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School library collections: Quality, digital, open

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Online class on school library collections presented to QUT teacher librarianship students. Understand the components of quality school library collections with particular focus on: digital resources and open resources. Consider how to include and promote these resources.

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School library collections: Quality, digital, open

  1. 1. School library collections Quality – Digital - Open Pru Mitchell
  2. 2. Learning outcomes • Understand the components of quality school library collections, with particular focus on: • Digital resources • Open resources • Consider how to include and promote these resources Teacher librarians apply sound principles of collection development to maximise achievement of school goals
  3. 3. Definitions What is a collection?
  4. 4. 5 characteristics of a collection 1. Selected 2. Organised 3. Searchable 4. Maintained 5. Marketed Mitchell, P. (2016). Five things about digital collections. FYI : the Journal for the School Information Professional, 20(3), 4-7 Available at: https://search.informit.com.au/fullText;dn=213385;res=AEIPT
  5. 5. Quality What does a quality collection look like?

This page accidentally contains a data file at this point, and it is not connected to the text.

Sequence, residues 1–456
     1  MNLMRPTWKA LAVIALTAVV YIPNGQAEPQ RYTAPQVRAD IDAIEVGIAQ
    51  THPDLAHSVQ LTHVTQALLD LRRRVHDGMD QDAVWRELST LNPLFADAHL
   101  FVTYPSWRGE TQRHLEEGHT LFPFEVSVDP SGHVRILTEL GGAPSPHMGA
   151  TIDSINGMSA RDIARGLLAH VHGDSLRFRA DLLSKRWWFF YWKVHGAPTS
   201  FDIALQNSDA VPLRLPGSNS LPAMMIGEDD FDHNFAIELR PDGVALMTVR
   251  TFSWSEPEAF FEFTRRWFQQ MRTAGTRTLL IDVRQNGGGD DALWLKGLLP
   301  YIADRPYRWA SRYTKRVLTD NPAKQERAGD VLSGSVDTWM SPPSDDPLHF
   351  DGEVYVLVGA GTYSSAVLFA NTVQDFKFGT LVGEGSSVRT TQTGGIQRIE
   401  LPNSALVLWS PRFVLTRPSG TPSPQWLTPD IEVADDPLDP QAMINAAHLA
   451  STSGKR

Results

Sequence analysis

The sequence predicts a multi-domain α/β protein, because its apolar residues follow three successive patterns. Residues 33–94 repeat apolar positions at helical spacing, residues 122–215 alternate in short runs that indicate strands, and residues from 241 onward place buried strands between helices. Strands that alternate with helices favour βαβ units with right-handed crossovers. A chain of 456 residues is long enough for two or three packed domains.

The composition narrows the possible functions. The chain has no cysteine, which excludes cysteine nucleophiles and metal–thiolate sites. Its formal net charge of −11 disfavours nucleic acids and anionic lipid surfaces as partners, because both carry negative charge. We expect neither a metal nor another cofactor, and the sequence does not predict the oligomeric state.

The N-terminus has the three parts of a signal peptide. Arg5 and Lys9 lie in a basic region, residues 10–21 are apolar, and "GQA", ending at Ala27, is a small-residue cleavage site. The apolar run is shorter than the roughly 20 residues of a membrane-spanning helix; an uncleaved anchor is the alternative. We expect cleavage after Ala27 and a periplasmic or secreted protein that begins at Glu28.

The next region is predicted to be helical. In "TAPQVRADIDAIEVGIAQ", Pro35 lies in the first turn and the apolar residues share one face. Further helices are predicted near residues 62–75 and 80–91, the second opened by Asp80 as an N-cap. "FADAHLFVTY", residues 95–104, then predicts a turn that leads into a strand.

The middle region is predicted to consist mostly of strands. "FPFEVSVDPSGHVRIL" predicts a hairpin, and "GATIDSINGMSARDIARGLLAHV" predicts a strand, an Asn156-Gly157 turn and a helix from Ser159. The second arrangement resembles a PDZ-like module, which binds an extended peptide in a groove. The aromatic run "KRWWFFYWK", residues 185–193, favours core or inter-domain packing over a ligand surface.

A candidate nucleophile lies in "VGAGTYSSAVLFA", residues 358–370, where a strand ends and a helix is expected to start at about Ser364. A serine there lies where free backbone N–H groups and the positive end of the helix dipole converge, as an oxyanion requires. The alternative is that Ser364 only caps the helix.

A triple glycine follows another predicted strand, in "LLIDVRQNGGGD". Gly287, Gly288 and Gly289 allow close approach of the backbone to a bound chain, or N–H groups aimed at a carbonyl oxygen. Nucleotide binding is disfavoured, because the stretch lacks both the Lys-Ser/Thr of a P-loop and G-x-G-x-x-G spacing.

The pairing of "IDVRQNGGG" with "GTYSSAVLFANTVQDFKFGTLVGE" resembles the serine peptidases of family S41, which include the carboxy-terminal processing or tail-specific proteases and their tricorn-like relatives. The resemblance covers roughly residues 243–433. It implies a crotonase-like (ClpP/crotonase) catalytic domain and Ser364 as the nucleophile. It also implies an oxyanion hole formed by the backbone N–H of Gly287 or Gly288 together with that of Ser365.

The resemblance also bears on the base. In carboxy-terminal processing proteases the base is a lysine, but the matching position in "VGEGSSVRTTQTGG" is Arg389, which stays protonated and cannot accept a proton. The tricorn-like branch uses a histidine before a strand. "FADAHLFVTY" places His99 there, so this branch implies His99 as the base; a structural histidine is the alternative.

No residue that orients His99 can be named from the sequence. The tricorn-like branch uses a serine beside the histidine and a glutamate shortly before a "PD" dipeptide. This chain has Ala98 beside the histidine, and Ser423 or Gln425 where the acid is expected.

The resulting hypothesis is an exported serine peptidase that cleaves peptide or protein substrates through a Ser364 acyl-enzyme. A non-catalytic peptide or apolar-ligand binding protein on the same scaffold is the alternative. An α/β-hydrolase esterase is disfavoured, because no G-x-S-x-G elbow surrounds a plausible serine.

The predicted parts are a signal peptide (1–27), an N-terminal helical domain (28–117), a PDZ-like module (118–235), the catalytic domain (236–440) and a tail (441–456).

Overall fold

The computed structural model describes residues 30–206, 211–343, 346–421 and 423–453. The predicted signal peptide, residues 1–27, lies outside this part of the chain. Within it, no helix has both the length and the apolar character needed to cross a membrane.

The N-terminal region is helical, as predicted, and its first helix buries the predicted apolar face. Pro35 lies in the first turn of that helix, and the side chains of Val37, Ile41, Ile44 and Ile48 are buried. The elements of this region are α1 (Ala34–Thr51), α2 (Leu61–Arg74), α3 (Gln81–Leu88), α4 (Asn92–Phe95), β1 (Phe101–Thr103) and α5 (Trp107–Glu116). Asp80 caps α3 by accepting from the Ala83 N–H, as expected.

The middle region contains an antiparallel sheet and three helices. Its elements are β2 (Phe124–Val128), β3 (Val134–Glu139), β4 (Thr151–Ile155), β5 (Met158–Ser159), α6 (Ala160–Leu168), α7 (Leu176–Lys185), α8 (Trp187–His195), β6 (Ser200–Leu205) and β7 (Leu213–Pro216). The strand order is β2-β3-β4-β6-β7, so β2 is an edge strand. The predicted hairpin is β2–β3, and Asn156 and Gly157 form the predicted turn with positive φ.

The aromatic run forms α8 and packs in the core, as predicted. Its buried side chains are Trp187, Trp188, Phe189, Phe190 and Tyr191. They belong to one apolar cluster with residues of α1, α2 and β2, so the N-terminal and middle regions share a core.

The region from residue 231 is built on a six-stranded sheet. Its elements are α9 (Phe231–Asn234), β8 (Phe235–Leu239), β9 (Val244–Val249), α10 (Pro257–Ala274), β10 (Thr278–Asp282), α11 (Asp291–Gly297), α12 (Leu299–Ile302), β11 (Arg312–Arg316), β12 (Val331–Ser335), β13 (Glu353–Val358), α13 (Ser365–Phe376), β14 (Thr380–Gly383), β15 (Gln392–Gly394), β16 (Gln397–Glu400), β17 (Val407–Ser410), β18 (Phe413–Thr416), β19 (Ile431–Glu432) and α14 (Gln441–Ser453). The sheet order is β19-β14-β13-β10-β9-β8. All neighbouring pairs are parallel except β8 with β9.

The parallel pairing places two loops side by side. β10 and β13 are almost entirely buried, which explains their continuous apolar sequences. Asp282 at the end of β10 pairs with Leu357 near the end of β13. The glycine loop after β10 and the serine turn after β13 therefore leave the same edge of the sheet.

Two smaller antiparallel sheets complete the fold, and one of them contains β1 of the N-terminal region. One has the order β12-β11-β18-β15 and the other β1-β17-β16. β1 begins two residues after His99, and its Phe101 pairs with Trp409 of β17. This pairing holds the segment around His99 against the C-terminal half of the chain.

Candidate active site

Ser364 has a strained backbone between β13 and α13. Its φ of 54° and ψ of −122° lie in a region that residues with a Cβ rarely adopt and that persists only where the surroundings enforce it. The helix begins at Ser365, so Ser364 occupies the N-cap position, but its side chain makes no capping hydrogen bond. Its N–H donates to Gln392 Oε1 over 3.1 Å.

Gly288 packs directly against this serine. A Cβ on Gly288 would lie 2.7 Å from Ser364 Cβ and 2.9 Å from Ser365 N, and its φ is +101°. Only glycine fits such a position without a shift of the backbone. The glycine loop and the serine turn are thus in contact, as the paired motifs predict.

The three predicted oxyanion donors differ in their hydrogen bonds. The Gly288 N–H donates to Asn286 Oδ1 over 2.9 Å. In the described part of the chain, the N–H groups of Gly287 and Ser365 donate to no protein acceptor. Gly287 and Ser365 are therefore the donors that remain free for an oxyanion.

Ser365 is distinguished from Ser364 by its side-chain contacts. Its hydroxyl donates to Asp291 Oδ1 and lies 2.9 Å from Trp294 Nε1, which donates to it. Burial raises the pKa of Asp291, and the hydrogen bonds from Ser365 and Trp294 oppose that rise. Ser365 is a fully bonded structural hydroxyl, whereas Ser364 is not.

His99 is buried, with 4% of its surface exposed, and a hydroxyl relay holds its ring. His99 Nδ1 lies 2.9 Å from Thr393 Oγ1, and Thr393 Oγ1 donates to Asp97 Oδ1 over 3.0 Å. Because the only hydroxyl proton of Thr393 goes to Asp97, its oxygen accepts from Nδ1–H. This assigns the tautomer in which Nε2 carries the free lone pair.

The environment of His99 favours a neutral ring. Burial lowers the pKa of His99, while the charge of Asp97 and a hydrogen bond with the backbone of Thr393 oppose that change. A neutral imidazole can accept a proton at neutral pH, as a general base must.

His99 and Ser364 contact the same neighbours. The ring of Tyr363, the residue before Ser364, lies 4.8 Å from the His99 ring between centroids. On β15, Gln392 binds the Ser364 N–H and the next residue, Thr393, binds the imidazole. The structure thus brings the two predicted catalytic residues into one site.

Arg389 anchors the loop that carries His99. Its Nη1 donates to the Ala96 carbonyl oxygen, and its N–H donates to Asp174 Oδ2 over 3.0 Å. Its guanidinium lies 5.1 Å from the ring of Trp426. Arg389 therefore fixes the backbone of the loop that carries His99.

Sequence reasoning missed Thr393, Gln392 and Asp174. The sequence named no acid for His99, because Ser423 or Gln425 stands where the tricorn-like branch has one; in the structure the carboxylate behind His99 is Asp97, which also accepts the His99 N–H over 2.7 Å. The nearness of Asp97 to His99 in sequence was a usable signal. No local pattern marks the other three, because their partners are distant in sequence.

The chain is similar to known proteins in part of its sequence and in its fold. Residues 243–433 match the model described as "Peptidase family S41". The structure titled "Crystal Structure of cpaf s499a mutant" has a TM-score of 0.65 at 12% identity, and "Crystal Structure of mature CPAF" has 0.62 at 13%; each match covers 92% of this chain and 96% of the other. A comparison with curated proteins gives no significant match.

6. 6. Contents
  7. 7. Why have a school library policy? Policies provide consistency and uniformity in service at all levels, reinforcing our role as institutions for fairness and equality Policies approved by a governing body, have a weight behind them that can communicate the library’s values and mission to the school community. From: Mardis & Duarte, 2017 ‘Editorial’ School Libraries Worldwide Volume 23 Number 1.
  8. 8. Rationale for school library collections • Vision • Curriculum initiatives • Resource needs School Vision, Mission Statement, and Motto. Michael Coghlan, 2018. CC-by-sa
  9. 9. Library policies ensure • the library reflects the ethos, mission, aims and objectives of the school • the library reflects the reality of the school • equitable access to resources for all in the school community • accountability for financial asset/investment www.alia.org.au/alia-publications-support-school-libraries
  10. 10. How we used to determine quality
  11. 11. School library collection rubric surveymonkey.com/r/collectionrubric Developing Foundation Effective Outstanding Growing, commencing, considering, incomplete, lacking, weak Adequate, minimum, limited, somewhat, essential Good, moderate depth and breadth, systematic, includes most, appropriate exemplary, superior, complete, significant, comprehensive
  12. 12. Using the rubric 1 Complete initial assessment of the collection against the rubric 2 Identify areas requiring data collection 3 Set collection goals 4 Review annually Provide evidence of progress
  13. 13. Results from schools: Areas of strength 3c Reading development3b Literature resources
  14. 14. Current challenges 1a Collection policy 9d Challenged resources process
  15. 15. Does our collection reflect our community?
  16. 16. What’s missing?